Inconceivable Beasts: The Wonders of the East in the Beowulf Manuscript

Dr. Dimitri Nakassis
Aegean Prehistory blog
@DimitriNakassis

Dr. Helen Young
Race & Popular Fantasy: Habits of Whiteness
@heyouonline

Dr. Donna Zuckerberg
Eidolon
@donnazuck

The Public Medievalist's series on Race, Racism, & the Middle Ages

In the Middle blog (frequently has useful posts on these subjects)

Hold My Mead: A Bibliography For Historians Hitting Back At White Supremacy by Sarah Bond

Medieval People of Color Tumblr

Our Patreon page

iTunes link

Stitcher link

Google Play Music link

This podcast episode on YouTube

This podcast is licensed under a Creative Commons Attribution-ShareAlike 4.0 International License

Episode 30: Baba Brinkman & Peer-Reviewed Rap

We have the immense pleasure of interviewing Baba Brinkman, a Canadian rap artist & award-winning playwright best known for his “Rap Guide” series of plays and albums, with which he has toured the world; these cover topics like evolution, religion, medicine, and most recently climate change. He’s also pioneered the genre of ‘lit-hop’ with his adaptations of Chaucer’s Canterbury Tales, Gilgamesh, Beowulf & more. Our conversation ranges through tree-planting; the connections between Homer, Chaucer, & rap; Horace, Lucretius, & Erasmus Darwin as science communicators; the comedy of neuroscience; Trump; language & dictionaries; and more.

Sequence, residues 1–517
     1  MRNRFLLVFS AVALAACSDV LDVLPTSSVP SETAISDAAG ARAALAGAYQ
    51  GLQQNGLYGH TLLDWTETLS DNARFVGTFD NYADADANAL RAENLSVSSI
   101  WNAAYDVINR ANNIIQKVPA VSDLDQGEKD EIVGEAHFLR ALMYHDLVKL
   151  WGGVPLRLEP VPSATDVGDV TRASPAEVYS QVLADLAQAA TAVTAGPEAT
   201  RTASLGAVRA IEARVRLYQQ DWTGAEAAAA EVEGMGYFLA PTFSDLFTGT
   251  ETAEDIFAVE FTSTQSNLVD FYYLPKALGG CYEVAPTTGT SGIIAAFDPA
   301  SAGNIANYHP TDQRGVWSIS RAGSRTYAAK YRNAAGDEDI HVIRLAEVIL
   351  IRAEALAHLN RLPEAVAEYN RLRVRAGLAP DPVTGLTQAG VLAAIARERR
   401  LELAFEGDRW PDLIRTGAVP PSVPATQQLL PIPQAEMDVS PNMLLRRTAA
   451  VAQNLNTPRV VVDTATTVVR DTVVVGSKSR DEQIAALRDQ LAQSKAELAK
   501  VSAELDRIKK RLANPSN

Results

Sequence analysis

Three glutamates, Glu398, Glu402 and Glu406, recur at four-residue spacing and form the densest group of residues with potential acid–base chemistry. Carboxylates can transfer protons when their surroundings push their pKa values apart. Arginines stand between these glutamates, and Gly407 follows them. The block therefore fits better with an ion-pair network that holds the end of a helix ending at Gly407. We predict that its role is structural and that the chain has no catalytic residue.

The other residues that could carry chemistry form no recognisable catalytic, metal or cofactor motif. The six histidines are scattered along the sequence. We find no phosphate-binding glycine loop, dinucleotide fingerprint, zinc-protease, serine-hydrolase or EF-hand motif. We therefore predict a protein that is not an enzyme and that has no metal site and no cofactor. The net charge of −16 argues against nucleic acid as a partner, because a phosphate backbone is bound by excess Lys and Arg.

At the end of the interview we play a couple of tracks by Baba: his newest single "Erosion", and the first two tracks from his Rap Canterbury Tales album, "General Prologue" & "The Knight's Tale (scene 1)".

Show Notes

Baba Brinkman's website

A brief history of rhyme | Baba Brinkman | TEDxNavesink

Professor Elemental

Baba Brinkman & Professor Elemental - What's Your English?